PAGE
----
In a recent Health Affairs paper, we apply an economic lens to the problem of underinvestment in social determinants of health, which yields the insight that social determinants like affordable housing, good jobs, and quality education can usefully be thought of as public goods, wherein exclusion of non-payers is difficult and benefits can be enjoyed without reducing availability for others. These properties give rise to well-known free-rider problems, which prevent these goods from being supplied at appropriate scale by traditional market forces. Historically, new government taxation and spending was perceived as the only solution to free-rider situations capable of having a scale beyond what private charity might support. Our current politics, however, make large increases in government spending unlikely.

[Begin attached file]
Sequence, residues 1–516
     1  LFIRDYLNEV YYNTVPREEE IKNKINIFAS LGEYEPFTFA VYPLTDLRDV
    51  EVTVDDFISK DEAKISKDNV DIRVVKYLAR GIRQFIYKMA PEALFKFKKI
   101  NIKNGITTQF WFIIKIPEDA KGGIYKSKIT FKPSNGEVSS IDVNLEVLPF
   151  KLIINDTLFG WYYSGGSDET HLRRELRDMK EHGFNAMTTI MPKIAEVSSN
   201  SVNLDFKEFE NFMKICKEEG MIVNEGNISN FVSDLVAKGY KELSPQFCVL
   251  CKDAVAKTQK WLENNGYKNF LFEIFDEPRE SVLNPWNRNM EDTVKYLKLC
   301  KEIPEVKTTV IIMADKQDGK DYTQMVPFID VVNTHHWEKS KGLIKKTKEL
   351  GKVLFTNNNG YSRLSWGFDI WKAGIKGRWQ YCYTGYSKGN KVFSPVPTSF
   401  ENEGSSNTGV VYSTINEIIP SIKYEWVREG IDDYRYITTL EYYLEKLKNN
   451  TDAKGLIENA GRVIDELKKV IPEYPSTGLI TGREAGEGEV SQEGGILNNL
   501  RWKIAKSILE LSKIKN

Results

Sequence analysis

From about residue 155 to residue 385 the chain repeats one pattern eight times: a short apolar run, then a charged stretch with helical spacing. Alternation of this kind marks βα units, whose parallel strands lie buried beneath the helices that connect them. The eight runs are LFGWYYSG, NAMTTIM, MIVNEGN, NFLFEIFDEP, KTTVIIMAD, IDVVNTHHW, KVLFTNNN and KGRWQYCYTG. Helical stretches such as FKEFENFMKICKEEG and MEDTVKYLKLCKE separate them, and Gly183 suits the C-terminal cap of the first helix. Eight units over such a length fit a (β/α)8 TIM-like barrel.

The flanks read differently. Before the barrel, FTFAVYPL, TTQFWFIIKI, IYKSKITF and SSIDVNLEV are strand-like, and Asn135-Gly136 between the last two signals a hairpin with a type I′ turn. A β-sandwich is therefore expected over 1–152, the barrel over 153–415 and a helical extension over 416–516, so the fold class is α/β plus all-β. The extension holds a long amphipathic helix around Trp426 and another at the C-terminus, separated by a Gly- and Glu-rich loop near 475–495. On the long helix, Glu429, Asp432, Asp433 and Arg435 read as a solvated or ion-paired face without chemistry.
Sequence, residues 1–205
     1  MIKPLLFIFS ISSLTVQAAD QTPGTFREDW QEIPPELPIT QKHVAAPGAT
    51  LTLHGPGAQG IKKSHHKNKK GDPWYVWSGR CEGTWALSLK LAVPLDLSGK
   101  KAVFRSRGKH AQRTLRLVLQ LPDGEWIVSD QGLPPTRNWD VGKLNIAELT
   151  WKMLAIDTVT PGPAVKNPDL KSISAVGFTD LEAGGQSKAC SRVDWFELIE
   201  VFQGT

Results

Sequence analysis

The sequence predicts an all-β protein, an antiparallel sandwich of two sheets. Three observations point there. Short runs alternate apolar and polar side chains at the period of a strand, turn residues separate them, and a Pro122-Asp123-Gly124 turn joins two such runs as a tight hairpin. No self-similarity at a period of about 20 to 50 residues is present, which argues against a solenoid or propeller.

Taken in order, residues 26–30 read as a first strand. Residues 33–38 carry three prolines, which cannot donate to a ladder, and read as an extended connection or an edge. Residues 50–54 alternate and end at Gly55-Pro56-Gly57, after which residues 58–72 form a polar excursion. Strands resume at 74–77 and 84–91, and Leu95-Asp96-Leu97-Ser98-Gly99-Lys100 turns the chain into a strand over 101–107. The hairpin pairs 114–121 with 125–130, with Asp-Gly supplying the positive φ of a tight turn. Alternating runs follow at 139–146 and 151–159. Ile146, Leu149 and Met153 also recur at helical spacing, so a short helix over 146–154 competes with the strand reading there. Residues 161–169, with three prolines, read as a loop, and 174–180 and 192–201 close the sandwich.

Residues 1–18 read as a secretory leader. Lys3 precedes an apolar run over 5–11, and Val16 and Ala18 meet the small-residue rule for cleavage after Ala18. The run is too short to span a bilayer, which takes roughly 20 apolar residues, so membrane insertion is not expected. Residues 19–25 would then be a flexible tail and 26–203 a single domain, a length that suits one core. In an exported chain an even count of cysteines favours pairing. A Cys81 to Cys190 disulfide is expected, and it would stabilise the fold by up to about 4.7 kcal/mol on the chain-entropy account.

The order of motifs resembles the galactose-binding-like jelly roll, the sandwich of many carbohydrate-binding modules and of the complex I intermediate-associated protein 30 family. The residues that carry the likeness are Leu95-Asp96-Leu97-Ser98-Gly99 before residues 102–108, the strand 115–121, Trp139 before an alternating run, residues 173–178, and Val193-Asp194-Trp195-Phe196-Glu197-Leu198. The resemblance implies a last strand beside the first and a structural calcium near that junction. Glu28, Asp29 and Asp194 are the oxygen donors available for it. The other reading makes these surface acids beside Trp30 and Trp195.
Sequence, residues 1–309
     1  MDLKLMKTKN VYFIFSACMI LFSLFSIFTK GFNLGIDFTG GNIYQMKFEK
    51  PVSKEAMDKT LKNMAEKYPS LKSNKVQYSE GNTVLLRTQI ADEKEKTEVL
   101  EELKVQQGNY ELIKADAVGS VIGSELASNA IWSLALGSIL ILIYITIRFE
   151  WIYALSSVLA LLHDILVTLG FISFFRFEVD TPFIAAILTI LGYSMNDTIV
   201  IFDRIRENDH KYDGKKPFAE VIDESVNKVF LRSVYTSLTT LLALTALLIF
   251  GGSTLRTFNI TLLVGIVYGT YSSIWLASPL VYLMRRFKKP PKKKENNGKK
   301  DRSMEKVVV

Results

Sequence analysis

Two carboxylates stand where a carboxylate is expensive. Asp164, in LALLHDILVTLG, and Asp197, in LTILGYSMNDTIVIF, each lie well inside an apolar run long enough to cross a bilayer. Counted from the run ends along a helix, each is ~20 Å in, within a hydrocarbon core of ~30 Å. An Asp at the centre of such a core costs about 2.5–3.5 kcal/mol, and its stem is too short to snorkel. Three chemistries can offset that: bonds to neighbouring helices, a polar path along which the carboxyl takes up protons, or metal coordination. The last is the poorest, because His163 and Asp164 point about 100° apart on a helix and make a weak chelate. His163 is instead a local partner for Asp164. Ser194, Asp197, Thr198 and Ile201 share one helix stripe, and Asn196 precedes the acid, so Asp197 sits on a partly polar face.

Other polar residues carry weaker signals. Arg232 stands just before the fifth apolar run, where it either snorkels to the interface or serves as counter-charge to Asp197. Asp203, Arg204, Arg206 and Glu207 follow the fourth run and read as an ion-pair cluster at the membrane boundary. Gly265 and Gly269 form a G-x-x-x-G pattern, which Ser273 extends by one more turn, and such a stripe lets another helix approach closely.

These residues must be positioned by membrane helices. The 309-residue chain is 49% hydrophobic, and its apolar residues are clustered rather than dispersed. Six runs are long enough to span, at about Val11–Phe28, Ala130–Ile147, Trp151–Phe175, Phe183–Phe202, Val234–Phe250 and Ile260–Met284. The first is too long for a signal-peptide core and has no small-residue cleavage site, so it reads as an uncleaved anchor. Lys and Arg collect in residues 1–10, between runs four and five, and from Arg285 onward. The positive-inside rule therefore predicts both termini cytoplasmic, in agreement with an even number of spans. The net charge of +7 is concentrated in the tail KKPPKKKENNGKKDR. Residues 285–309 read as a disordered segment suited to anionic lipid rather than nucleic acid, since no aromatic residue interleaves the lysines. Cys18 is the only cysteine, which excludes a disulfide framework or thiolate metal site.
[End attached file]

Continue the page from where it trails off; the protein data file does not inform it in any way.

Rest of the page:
Fortunately, a lesser-known branch of economics has also taught us that, under certain circumstances, public goods can be provided without undue reliance on government. These solutions come from the literatures on auction theory and two-part pricing models. We think the conditions for success are likely to be present in many communities that have been trying to address SDoH issues for some time.

A new model for collaborative investment

The promising financing model is called Vickrey-Clarke-Groves (VCG). For the model to work, local stakeholders must trust a “broker” enough to reveal – to the trusted broker alone – how much they value a solution to the SDoH deficit in their community. For our purposes, stakeholders include anyone who could stand to benefit from improvements in local SDOH conditions, including most notably health systems and insurers. The trusted broker could be a local philanthropy or non-profit organization, and it must be chosen by the stakeholders.